Garmin Adds Mini 2 Upgrade To Its Compact inReach Satellite Locator


Like emergency handheld radio transceivers, emergency satellite communication systems are finding their way onto more pilots’ flight-bag “what if” wish lists. This week, Garmin announced an update to its popular inReach Mini compact satellite-link device, with two-way texting and SOS capabilities. In the “unlikely” prospect of an off-grid forced landing outside of cellphone service, investing in a satellite-based emergency communicator can be eye-catching.

Not too long ago, the only option for communication devices outside the onboard aircraft radios and cellular networks was a satellite telephone. But satellite voice-capable phones are expensive for a backup emergency device. Service plans are expensive, and phones typically are not equipped with navigation capability that could prove invaluable in an emergency situation. Garmin’s first satellite-linked communicator was the inReach Explorer+ released in 2017, and it was very popular.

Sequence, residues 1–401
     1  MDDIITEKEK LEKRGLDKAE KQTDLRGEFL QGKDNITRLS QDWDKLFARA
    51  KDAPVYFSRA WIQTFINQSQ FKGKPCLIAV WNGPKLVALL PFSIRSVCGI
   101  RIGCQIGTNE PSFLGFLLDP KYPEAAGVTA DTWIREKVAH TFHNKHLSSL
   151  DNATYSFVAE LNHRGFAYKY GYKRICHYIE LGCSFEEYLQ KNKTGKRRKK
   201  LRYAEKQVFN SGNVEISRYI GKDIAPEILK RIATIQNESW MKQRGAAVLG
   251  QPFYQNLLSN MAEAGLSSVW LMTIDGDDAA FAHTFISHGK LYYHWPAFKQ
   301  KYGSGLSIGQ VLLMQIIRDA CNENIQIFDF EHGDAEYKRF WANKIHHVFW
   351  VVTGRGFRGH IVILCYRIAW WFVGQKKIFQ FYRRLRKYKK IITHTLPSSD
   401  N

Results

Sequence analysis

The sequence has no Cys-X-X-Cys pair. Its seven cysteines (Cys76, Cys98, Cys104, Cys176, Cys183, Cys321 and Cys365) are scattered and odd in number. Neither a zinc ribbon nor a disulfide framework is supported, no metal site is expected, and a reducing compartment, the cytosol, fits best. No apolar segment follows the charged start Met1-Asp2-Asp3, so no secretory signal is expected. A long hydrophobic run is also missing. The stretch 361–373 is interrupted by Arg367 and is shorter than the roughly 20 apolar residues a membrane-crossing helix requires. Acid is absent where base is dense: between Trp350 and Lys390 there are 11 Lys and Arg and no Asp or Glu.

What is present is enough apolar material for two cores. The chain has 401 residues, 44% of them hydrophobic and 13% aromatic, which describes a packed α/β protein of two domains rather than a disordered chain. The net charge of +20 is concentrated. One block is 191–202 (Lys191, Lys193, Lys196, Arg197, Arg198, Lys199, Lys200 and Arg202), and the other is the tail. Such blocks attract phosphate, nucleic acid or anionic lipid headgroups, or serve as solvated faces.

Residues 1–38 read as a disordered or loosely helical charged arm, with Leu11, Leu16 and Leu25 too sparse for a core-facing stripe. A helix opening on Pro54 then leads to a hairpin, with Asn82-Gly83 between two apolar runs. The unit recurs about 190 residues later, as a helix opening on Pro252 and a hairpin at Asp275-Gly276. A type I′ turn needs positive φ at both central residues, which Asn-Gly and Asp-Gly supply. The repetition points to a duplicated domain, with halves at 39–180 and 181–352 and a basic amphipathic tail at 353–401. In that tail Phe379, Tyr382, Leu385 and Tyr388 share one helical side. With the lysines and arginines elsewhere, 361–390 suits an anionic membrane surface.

This was followed a year later by the inReach Mini, and now the Mini 2, which, although it looks almost identical, adds improved battery performance—up to 30 days’ life—an improved user interface and a built-in electronic compass. It also uses a USB-C charging plug and offers push-button SOS capability and more.

Priced at $399, opting for the updated inReach Mini 2 will add 50 bucks over the street price for the original Mini.

Mark Phelps
Mark Phelps is a senior editor at AVweb. He is an instrument rated private pilot and former owner of a Grumman American AA1B and a V-tail Bonanza.

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  1. Looks like a nice small device but be aware there is a monthly subscription fee.
    If you just need the SOS function, and not text, there are other devices (you can find them on Amazon) for comperable or less price without the monthly subscription.

    • Good catch.. thanks for pointing that out!
      What a shame – imagine carrying such an item around for years only to find that the credit card the subscription was tied to had expired sometime in the past (after it had already racked up a multiple of the initial cost of the item).